The results of the study show that purchasing or upgrading IT hardware (18%) is the top technology investment priority for SMBs in Malaysia, followed by purchase or upgrade of IT software (14%) and cybersecurity (11%)
However, SMBs are also facing challenges in adopting digitalisation strategies. According to respondents, shortage of digitally skilled talent is the biggest hurdle they face (21%), followed by lack of budget and or commitment from management (16%). They are also found to be lacking the proper digital transformation roadmap that is critical to any organisation looking to drive substantial change (12%).
Raz Mohamad, director Small Business and Commercial for ASEAN at Cisco says that for SMBs to fully leverage technology, all stakeholders need to play a role.
“The government is already taking the lead and has introduced a range of measures to help Malaysian SMBs on their digital journey,” he says.
“At Cisco, we are proud to be playing our part. From a talent perspective, the Cisco Networking Academy has trained over 80,000 students in Malaysia in various ICT skills since its inception. On the technology front, we have launched a series of curated products and solutions specifically for the SMB sector under the Cisco Designed portfolio and introduced 0% financing for SMB customers in the country.”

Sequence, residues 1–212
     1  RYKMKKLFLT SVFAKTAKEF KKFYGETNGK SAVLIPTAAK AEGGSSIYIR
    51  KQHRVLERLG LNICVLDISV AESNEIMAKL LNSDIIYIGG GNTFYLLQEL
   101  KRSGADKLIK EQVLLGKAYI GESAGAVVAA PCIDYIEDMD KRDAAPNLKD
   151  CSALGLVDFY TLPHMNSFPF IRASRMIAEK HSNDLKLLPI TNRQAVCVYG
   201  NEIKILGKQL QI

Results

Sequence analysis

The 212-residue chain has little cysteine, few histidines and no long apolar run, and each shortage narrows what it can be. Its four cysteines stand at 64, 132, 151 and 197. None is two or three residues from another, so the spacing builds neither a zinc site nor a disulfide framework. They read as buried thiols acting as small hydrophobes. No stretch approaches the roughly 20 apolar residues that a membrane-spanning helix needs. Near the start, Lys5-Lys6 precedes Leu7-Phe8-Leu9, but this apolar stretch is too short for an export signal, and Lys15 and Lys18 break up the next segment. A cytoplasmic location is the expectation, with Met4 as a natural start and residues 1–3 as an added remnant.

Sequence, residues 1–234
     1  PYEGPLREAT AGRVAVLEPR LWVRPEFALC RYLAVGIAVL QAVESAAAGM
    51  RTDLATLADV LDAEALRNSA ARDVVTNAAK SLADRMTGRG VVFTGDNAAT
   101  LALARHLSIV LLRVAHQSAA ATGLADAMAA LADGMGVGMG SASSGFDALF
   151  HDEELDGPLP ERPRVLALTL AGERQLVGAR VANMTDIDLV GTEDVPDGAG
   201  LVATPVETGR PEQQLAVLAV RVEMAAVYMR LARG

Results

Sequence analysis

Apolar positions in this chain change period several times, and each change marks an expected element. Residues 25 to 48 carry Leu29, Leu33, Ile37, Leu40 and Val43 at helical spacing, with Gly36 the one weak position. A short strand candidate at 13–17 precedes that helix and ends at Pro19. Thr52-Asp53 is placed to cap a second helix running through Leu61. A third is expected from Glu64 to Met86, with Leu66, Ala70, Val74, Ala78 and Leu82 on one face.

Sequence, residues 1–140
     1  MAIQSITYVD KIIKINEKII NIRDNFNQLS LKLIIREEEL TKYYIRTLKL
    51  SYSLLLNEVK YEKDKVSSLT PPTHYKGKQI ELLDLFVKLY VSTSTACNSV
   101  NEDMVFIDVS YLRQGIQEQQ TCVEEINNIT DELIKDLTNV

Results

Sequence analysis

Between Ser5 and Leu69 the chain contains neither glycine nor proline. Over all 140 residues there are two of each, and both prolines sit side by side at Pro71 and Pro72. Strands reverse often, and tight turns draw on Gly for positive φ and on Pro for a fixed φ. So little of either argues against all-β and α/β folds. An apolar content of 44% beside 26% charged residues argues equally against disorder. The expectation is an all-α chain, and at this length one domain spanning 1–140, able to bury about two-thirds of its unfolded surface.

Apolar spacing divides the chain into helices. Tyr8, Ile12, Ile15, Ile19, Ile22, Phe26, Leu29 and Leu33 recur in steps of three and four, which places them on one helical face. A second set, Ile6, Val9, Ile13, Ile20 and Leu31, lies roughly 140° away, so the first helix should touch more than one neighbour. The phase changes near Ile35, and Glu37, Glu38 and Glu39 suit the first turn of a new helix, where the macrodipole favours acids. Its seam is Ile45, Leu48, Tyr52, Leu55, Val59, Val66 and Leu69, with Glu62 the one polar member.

Some regional learnings
The 2020 study gathered and analysed data from 1,424 SMBs across 14 markets, including Malaysia, in APAC to assess the challenges and opportunities the companies face in their digital transformation journey.
The study highlights that nearly 70% of SMBs in Asia Pacific are accelerating the digitalisation of their businesses because of Covid-19. Among the respondents, 86% say they believe digitalisation will help in developing future resilience against crises like Covid-19. Additionally, nine out of 10 SMBs are more reliant on technology to sustain their business during the pandemic.
Within the region, SMBs in Singapore, Japan, and New Zealand continue to lead the Digital Observer group, with no changes in their ranking compared to 2019. However, mainland China, Taiwan, and Thailand surpassed Korea, Hong Kong, and Malaysia, respectively. There has also been notable progress made by SMBs in Indonesia and Vietnam.
Across APAC, lack of digital skills and technologies are listed as the top two challenges for SMBs undergoing digital transformation, with Cloud being the top technology investment priority.
More SMBs (62%) compared to 2019 (38%) seek digital transformation to launch new products and services. Staying ahead of the competition remains the second most important factor driving the digital imperative for SMBs, the study notes, with 26% of respondents stating as such.
Cognisant of the challenges ahead, especially with the talent shortage, Cisco suggests the following steps for SMBs to grow into a Digital Challenger. How far they go, depends on their hunger to succeed.